She said the pipes were all bunged, the water main turned off, and the house unoccupied between February and March, the billing period in question. She only moved into the property in April, when she removed the stoppers from the pipes. There was no evidence of water leaks inside or outside the house, she insisted, and no plumbing repairs were made.

Since moving in, her water bill has not surpassed $4,000 monthly, she argued, noting that disconnection remains a lingering fear because of the outstanding sum.

Hill was not available for comment on the matter, but in the Senate earlier this month he painted a grim picture of the NWC’s future as he reflected on the company’s 2016-2017 financial report, where auditors said perennial losses, erosion of equity and cash, among other things, “indicate the existence of a material uncertainty that may cast doubt about the group’s and commission’s ability to continue as a growing concern. At that time, the accumulated deficit of the company was over J$32 billion, and its equity was J$13.92 billion.”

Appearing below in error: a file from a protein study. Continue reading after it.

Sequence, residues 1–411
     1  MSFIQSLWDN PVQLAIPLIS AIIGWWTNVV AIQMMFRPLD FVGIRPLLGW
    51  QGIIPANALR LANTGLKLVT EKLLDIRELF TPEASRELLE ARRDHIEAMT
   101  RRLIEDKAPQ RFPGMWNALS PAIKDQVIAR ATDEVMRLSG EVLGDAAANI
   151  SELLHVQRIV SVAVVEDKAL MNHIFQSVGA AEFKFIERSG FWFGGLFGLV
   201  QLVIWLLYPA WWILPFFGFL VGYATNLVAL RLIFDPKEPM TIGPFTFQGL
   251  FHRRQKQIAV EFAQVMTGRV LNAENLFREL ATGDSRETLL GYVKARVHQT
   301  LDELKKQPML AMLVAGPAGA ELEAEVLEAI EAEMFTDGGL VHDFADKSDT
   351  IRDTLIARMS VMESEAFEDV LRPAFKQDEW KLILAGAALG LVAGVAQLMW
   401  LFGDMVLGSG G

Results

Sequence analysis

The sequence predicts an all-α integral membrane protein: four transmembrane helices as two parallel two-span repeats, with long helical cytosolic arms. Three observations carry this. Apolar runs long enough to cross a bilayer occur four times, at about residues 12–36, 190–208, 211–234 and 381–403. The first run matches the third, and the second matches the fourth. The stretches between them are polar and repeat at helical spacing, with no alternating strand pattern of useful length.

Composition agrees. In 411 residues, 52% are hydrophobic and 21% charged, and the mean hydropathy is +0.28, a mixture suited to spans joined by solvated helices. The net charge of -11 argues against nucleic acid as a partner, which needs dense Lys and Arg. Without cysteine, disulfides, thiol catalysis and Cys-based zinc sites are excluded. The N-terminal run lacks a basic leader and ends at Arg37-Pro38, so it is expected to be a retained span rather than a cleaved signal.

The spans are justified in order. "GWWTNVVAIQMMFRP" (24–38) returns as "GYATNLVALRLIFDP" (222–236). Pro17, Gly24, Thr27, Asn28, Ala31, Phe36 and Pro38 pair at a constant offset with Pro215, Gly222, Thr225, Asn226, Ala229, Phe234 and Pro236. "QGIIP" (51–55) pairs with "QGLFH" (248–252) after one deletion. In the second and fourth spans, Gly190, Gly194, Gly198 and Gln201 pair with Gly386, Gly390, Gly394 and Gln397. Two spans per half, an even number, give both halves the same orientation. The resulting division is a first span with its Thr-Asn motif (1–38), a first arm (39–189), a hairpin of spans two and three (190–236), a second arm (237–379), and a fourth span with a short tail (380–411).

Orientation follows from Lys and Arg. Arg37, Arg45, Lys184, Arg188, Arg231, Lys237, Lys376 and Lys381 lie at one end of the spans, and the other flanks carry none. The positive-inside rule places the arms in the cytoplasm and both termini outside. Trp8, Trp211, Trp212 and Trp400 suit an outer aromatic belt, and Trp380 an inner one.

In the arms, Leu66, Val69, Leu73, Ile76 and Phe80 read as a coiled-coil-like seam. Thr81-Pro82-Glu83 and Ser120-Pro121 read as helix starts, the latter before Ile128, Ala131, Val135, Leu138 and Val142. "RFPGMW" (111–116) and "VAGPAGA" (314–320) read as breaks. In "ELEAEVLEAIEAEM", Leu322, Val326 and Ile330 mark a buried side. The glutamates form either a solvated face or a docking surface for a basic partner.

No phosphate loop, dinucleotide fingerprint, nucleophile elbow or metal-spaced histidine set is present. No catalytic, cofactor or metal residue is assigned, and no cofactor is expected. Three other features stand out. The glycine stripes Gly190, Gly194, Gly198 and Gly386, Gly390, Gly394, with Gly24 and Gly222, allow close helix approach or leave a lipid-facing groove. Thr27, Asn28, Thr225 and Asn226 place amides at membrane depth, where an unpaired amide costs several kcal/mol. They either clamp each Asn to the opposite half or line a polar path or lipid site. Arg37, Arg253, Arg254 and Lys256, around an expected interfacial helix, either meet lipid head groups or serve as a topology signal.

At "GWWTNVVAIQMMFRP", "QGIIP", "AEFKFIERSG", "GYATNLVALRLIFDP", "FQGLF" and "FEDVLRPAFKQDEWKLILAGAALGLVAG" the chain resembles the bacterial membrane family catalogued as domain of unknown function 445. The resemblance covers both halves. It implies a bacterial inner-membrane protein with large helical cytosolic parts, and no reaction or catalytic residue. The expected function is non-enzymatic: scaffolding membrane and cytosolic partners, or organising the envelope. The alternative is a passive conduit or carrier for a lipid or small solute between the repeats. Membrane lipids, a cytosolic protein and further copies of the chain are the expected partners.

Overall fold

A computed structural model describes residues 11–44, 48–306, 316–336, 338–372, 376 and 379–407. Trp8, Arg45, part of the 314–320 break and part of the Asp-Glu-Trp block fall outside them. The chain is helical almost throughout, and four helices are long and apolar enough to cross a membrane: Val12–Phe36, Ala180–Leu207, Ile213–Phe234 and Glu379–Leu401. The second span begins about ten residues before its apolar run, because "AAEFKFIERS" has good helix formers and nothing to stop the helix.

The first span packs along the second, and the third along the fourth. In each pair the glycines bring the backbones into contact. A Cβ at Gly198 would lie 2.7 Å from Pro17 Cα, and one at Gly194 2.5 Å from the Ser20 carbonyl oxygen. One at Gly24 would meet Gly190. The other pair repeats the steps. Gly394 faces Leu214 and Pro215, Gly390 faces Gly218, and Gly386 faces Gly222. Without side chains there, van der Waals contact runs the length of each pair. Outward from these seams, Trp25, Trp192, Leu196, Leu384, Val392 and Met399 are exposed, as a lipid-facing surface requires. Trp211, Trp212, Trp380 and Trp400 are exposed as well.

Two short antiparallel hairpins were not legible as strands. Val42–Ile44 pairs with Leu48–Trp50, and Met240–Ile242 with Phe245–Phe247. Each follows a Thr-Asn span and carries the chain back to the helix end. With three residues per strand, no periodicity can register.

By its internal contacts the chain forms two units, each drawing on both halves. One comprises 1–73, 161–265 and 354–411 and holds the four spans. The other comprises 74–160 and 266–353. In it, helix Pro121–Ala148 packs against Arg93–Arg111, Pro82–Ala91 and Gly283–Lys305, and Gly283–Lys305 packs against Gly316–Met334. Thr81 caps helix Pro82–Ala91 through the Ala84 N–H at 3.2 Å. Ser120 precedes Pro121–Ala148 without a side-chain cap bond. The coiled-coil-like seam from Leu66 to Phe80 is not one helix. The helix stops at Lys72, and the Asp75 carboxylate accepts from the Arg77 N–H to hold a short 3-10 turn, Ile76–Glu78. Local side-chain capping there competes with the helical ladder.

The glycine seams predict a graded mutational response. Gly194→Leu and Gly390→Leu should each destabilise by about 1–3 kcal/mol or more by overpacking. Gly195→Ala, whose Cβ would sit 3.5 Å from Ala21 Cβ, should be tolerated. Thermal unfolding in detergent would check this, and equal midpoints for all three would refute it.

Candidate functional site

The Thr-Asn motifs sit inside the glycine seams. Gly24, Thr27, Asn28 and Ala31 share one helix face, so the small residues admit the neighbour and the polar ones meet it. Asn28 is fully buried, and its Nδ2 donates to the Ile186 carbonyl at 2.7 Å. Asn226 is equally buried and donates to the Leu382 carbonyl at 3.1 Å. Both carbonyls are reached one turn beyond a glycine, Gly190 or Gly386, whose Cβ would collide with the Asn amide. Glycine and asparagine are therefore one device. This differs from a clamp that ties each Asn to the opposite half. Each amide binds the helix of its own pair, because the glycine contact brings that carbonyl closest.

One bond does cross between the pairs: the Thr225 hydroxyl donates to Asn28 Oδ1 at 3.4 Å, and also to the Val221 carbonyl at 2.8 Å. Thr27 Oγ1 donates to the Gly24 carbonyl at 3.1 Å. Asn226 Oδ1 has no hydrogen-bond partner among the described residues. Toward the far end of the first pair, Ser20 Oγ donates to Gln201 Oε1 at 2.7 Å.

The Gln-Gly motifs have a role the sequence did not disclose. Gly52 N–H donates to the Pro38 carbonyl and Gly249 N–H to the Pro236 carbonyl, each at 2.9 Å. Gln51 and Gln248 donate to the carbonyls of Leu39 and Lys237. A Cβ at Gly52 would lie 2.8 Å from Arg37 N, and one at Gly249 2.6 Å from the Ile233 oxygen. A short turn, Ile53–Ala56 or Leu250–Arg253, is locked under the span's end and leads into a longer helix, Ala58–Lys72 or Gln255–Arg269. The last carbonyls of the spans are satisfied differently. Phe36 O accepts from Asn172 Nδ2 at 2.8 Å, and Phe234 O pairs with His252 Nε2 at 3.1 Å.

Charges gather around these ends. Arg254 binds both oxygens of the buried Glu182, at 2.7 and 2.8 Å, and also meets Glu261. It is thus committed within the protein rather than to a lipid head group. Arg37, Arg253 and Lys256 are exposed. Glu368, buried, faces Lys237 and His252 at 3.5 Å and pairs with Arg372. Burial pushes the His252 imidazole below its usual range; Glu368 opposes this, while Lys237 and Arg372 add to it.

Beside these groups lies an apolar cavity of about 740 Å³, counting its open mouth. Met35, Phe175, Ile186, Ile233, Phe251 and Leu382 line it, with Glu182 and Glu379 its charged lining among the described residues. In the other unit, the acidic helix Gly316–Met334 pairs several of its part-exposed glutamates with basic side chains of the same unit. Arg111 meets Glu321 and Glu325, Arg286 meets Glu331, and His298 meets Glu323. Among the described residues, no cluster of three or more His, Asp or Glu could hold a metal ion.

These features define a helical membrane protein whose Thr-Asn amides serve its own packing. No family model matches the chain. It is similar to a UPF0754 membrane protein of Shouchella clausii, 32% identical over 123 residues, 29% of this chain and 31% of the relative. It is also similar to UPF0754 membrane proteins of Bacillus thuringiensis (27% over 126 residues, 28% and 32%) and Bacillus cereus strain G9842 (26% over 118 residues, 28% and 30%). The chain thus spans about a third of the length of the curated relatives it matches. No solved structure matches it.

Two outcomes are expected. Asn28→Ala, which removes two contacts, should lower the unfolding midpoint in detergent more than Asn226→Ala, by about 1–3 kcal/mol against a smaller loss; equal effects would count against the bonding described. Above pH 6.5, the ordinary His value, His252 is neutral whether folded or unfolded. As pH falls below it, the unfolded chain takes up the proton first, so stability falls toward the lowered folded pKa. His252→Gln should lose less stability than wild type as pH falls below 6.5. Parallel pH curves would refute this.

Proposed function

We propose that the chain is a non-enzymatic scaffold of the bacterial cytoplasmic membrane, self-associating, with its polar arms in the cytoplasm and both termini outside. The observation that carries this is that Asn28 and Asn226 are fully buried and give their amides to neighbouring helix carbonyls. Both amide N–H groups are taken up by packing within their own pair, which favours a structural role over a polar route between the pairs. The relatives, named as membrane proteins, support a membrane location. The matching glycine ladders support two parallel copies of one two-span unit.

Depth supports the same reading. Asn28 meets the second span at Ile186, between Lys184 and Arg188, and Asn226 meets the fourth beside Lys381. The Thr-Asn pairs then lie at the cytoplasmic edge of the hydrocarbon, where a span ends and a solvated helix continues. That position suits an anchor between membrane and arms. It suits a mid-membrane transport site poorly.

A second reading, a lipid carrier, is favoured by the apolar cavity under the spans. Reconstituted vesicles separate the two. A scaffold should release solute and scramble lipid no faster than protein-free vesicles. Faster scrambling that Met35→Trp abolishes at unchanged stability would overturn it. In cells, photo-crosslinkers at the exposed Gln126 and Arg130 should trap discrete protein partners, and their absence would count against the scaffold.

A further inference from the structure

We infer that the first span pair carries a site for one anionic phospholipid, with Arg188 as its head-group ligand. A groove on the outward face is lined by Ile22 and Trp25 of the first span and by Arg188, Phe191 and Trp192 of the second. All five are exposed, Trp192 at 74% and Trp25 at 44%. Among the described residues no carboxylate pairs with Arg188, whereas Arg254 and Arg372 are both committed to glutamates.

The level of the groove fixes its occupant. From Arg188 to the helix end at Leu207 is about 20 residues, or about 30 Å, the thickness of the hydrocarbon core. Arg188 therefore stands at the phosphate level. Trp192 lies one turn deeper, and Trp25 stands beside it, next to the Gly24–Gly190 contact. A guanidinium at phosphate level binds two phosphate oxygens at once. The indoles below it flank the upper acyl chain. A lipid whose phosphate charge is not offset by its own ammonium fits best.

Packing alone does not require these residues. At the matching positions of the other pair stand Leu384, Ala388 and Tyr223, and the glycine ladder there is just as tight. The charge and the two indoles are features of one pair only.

Except for one year when a series of book transactions provided the NWC with a paper profit of J$1.15 billion, the water provider has lost money for 15 years – including $4.5 billion in 2019 and $5.66 billion in 2020.

Hill said that by the end of the 2020-2021 financial year, the accumulated deficit had reached J$42.9 billion, and that the company’s equity “is completely wiped out … The hard truth is that NWC does not have anything near the amount of money it needs to deliver the water and services Jamaicans need and expect.”

[* Name changed to protect identity]